Wednesday, March 5, 2014

All Is Lost

I stopped at the library on my way home from my CPR renewal class last night and picked up the movie All is Lost with Robert Redford. The librarian warned me it was boring but I wasn't looking for spectacular, just something to relax on the couch with and my son loves ship wreck movies.

She was right. It was pretty boring. My son--the lover of ship wrecks and storms--fell asleep on my lap ten minutes into it and my daughter just snuggled next to me and would rather look at text on my cell phone that she couldn't read than watch the movie.

When my husband got home I was telling him about it and though I admitted it was boring I said, "But it has some good learning points for pretty much anyone." I fell asleep thinking about them and figured I'd share this morning.

Don't worry. I won't spoil anything if you actually want to watch the movie but for those of you who don't (or have never heard of the movie), it's the story of a lone man on a sail boat who has an accident out at sea and pretty much everything that can go wrong eventually does. I'm no sailor so I can't tell you what the character did technically right or technically wrong, etc, but I can say there were a few things that stood out to me.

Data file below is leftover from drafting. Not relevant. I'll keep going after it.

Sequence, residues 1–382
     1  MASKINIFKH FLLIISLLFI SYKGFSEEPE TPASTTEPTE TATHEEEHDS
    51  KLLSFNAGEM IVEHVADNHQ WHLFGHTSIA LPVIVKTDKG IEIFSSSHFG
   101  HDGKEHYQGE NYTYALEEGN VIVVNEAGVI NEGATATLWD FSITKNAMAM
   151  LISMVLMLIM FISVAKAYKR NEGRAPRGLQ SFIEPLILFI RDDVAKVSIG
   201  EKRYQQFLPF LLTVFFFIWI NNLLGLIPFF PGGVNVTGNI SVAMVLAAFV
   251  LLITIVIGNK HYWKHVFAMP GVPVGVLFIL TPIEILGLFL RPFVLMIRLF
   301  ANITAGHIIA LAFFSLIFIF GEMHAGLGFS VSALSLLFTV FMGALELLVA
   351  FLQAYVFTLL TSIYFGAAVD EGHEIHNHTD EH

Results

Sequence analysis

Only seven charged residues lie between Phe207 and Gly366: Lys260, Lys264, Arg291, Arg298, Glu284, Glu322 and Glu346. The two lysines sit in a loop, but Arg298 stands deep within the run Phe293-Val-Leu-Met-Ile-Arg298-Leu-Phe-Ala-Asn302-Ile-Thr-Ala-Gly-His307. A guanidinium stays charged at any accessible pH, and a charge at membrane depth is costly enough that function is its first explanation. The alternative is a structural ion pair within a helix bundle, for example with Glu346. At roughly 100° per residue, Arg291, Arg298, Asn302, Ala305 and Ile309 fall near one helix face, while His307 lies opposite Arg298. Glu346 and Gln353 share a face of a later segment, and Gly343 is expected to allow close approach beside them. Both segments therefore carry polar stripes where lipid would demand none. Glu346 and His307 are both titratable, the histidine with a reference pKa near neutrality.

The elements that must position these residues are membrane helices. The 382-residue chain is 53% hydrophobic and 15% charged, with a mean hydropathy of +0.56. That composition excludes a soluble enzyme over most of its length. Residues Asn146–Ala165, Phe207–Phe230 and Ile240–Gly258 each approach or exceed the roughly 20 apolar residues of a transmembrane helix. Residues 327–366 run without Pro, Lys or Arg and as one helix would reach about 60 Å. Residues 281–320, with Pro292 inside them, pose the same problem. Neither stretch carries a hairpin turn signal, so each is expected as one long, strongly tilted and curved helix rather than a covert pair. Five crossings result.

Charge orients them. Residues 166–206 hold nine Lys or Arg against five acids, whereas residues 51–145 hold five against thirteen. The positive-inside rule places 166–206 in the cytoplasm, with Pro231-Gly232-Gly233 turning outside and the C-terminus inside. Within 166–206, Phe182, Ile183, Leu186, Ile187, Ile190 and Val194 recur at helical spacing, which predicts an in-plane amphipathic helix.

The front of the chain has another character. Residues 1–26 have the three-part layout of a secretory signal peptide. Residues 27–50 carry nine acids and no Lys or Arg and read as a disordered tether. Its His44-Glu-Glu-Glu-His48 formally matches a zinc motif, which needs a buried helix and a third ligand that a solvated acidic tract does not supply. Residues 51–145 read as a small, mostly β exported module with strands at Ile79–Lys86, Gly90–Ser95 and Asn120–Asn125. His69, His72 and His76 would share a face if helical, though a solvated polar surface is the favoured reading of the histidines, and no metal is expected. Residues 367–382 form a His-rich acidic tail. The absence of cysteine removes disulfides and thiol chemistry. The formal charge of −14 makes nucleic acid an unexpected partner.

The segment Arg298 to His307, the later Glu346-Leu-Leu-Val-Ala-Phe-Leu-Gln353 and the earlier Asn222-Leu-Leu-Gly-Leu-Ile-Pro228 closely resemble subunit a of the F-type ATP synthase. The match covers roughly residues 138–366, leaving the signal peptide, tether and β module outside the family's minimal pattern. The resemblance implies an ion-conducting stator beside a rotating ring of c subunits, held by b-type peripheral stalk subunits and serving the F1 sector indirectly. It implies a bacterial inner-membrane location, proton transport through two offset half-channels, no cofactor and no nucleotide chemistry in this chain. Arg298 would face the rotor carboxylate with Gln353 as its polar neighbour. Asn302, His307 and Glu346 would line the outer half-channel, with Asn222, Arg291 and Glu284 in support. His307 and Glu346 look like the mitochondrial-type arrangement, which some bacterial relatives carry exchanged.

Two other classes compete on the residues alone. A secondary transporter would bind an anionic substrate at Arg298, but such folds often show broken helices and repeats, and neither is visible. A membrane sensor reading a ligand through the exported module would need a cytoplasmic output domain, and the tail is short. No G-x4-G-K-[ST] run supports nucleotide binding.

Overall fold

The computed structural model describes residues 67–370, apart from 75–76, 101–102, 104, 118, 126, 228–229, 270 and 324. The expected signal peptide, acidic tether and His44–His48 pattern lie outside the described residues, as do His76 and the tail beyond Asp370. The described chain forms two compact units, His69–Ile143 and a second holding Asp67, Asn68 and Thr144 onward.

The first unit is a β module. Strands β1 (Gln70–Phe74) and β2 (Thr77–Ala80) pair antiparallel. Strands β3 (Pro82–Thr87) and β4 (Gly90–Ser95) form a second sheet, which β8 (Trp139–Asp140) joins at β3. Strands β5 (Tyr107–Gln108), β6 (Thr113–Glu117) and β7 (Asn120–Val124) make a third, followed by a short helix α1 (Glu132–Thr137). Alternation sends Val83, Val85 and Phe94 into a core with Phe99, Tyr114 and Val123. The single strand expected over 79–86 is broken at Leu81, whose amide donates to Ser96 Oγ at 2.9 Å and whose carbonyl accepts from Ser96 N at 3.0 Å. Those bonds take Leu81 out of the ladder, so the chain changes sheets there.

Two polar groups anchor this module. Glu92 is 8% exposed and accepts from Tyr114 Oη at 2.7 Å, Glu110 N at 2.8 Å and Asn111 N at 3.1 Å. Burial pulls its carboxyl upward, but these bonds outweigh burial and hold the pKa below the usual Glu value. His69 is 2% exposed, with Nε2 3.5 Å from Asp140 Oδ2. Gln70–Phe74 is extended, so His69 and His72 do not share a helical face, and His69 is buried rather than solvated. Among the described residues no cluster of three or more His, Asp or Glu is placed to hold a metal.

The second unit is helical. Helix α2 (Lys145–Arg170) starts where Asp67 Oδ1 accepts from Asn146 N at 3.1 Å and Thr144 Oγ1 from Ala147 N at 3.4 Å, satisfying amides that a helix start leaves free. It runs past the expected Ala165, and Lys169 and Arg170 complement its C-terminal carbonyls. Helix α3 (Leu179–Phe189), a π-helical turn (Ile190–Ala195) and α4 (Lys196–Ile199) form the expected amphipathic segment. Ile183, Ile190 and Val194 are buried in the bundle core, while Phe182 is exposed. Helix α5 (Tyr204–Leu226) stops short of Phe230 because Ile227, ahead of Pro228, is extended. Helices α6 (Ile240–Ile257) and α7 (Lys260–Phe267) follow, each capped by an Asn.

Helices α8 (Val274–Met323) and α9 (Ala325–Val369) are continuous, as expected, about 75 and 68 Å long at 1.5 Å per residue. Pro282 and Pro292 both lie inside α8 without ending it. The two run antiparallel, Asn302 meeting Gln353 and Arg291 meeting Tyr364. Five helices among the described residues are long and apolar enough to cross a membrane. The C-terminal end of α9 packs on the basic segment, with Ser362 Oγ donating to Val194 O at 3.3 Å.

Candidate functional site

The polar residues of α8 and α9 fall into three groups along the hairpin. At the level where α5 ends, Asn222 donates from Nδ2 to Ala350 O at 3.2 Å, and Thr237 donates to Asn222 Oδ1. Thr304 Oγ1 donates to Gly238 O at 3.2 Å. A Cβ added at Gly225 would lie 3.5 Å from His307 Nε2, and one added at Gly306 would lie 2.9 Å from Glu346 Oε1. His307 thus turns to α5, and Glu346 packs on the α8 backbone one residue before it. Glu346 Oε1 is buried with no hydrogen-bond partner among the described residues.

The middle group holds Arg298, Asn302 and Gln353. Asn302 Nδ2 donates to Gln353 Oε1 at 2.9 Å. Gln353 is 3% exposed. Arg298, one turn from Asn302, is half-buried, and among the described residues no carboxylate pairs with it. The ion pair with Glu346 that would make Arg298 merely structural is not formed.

1. He had the equipment on-hand to handle almost every emergency he faced. 

And it wasn't a bunch of McGyver fixes either. The movie opens with a hole being smashed into the side of his boat. He is able to patch it with what looked to be a legitimate hull-patching kit. When he's forced to navigate without a computer he digs out a sextant (yep, I had to google what that was).

At every step of the way, when a new emergency arises the character rather calmly goes to this or that nook or cranny and pulls out this or that tool which was made to assist in that particular emergency situation. Yes, the movie could have been made more interesting if he had to make up all of these emergency preparations along the way but I was far more impressed with a movie portraying a prepared individual vs a clever fool.

The take away of that is, of course, to have the right tools for the job. When it comes to self defense not everything can be solved using any one tool. Having things like flashlights, spare magazines, pepper spray, medical supplies, guns, knives, give you options for all sorts of emergencies that may come up.

2. What broke he tried to fix but didn't dwell on it.

When the hull is damaged he attempts a patch, when the radio breaks he attempts a fix. This pattern repeats itself quite a few times throughout the movie. But what was interesting to me was that the character didn't obsess over one particular repair for any undue length of time. If his repairs weren't successful and it wasn't vital to life he moved on.